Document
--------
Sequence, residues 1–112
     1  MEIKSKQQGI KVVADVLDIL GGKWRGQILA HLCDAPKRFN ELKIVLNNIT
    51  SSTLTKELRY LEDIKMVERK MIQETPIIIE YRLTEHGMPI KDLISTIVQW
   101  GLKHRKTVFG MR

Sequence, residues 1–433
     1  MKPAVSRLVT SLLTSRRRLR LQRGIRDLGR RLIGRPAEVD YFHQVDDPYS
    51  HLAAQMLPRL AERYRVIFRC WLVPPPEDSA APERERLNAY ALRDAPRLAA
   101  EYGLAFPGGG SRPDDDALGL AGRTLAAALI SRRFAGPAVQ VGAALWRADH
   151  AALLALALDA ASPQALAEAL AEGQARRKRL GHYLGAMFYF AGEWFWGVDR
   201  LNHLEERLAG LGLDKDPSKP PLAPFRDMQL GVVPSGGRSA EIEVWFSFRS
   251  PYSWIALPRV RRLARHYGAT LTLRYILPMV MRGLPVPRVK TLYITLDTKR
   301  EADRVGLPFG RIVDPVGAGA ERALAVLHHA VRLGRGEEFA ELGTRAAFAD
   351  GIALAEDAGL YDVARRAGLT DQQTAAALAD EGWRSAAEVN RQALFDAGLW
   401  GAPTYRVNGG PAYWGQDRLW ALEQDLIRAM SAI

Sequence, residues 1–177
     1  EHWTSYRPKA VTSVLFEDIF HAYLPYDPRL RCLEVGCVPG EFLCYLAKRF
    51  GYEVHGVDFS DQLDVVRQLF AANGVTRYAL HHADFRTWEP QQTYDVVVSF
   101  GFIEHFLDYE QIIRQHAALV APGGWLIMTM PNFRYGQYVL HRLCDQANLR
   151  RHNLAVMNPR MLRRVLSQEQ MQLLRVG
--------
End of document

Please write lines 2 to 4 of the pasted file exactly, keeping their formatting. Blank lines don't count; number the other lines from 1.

     1  MEIKSKQQGI KVVADVLDIL GGKWRGQILA HLCDAPKRFN ELKIVLNNIT
    51  SSTLTKELRY LEDIKMVERK MIQETPIIIE YRLTEHGMPI KDLISTIVQW
   101  GLKHRKTVFG MR